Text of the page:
Bible Translation Rumination

BiblesHave you tried to buy a new Bible lately?  The choices are dizzying.

I have at least a dozen physical Bibles, in seven different translations, within my reach right at this moment.  There are probably at least as many on other bookshelves in the house.  If my count is correct, there are fifty-two English versions of the Bible that can be easily accessed at BibleGateway.com.  Add to that all of the specially targeted versions like women’s, men’s, student, study, slimline, large print, devotional, children’s, and daily reading Bibles, and there are literally hundreds, maybe thousands, of Bibles to choose from.

The choices are endless.  It is understandable that publishers try to make the Bible appealing to as many people as possible.  (My cynical side, however, notices a blatant appeal to American consumerism in the marketing of Bibles.)

What translation(s) of the Bible do you use?  I use several different translations, but I tend to stick with one for general use.

The New International Version, NIV, Bible was my go-to Bible for some of the most formative years of my faith.  My study Bible was well used, and I was very sad when Genesis started falling out.  I kept shoving it back in, but eventually I had to face the fact that my Bible was coming apart.  While the same words of truth can by found in other Bibles, all of my notes and underlined passages cannot.  Sigh.  I bought another NIV Bible and proceeded to create new notes.

I often read The Message and other paraphrases of Biblical text for added perspective when studying a passage.  It’s a good idea to read several versions of a text, and I am amazed how a reliable paraphrase can expand my view.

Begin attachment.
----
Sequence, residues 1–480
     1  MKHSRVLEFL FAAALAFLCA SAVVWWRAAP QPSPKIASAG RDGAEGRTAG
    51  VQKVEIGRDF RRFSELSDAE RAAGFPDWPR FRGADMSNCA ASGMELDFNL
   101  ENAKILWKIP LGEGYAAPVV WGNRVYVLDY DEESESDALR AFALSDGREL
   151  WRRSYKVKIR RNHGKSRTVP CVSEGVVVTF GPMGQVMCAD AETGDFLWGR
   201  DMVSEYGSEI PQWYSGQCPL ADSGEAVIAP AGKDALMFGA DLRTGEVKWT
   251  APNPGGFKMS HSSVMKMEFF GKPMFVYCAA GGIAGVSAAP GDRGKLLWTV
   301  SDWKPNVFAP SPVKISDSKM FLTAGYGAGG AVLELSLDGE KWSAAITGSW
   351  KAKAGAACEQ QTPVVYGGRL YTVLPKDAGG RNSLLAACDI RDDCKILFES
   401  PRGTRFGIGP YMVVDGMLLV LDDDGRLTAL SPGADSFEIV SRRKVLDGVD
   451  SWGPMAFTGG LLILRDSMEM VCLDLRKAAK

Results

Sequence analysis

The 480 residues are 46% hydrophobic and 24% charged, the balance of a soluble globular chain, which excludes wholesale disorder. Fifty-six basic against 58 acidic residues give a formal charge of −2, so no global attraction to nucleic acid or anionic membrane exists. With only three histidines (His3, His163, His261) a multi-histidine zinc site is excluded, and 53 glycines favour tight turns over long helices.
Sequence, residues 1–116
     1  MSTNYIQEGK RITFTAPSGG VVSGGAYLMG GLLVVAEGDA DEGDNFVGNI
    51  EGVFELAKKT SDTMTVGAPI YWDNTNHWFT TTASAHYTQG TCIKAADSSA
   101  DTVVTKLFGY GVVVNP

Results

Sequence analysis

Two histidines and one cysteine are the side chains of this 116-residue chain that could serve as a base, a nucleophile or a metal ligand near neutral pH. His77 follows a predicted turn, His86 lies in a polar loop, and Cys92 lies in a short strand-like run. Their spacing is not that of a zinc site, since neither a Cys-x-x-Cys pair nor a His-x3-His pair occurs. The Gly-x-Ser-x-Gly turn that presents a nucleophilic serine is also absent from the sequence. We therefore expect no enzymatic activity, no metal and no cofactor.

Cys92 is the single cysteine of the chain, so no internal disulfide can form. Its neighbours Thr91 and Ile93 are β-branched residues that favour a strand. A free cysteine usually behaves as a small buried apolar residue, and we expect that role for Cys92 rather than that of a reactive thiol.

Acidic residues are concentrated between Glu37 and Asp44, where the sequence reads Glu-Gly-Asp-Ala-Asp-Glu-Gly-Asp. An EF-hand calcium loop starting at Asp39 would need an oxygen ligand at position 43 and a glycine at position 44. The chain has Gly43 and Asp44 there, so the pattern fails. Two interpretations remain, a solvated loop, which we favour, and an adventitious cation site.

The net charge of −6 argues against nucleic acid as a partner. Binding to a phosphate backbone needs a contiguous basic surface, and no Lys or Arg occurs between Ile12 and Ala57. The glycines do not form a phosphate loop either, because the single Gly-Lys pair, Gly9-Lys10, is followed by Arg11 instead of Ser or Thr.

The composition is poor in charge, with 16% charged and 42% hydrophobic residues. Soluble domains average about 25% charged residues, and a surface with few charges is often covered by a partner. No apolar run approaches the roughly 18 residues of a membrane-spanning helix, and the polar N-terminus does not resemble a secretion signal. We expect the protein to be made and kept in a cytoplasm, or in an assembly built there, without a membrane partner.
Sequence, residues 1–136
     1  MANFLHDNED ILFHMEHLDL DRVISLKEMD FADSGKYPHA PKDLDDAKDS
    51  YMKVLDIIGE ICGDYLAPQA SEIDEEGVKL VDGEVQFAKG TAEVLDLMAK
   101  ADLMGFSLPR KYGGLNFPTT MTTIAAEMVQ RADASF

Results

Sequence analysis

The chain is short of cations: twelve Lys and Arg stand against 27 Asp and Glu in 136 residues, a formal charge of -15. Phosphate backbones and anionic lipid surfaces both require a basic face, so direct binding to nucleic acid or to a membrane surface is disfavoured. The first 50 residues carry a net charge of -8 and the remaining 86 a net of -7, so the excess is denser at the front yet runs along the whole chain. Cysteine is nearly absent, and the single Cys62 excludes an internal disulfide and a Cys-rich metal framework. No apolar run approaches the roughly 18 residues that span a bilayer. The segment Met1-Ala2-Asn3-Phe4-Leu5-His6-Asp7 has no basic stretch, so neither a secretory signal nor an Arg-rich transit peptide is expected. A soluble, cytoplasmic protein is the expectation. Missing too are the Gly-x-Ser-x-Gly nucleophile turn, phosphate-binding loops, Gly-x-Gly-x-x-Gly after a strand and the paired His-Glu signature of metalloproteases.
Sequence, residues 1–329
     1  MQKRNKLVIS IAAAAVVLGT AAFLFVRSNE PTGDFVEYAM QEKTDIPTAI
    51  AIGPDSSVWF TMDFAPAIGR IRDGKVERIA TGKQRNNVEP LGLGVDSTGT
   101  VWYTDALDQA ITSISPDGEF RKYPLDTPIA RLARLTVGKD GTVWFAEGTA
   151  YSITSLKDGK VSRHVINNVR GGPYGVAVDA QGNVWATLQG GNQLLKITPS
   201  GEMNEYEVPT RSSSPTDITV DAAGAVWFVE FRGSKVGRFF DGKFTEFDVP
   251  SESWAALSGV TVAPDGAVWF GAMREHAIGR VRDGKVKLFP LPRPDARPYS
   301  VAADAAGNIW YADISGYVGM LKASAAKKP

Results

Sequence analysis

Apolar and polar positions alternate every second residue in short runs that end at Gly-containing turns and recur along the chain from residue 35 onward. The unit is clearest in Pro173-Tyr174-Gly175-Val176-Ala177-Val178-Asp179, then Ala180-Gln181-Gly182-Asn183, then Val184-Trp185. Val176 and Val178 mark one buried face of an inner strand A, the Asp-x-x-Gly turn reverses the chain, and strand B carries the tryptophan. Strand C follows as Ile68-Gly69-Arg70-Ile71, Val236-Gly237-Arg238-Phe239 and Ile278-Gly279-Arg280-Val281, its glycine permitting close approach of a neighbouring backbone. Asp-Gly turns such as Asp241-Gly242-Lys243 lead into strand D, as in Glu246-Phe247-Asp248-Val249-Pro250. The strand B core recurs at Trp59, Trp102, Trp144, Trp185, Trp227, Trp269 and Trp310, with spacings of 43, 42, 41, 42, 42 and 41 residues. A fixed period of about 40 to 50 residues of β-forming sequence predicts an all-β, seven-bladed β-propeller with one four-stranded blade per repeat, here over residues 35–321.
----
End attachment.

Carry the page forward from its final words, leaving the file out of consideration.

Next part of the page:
One day my church and Community Bible Study changed translations.  Suddenly all Bible passages were read from the ESV, English Standard Version, instead of the NIV. This was unsettling.  There’s something about being told that my trusty Bible was being replaced that makes me a bit feisty.  I still primarily use my NIV Bible and consult the ESV when necessary.

A recent addition to my library came from a friend who had a dozen or so Bibles that were given to her daughter, and she asked if I wanted any.  Never one to pass up an opportunity for another Bible, I took her up on it.  The Voice, a new translation as of 2012 and one that I had never heard of, was the Bible I selected.  After reading the NIV for so long, I hope to be shaken out of my familiar by this new translation.

There are dozens of faithful translations and endless target audiences, but God’s Word still speaks powerfully to anyone with the heart to read it.

That’s my story. What’s yours?

“Your word is a lamp to my feet and a light for my path.”  Psalm 119:105

What Bible translation(s) do you prefer?  Do you use different translations for different purposes?   

 

 

 

 

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About Judy

At heart I am a student of truth, an observer of culture, and a communicator. Jesus is my teacher and my Lord. In pursuit of these passions, I read as much as I can, serve as Area Director for Community Bible Study, and write a blog. I take great delight in my relationships with family and friends, and I also enjoy long walks, bike rides and cooking. And did I mention that I like to read?
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12 Responses to Bible Translation Rumination

  1. GodGirl says:

    It can be unsettling to switch translations, but I find swapping around can prove stimulating at times. Thanks for the thought-provoking article!

  2. Kathleen Miller says:

    Yesterday, I ran across this comment on a blog: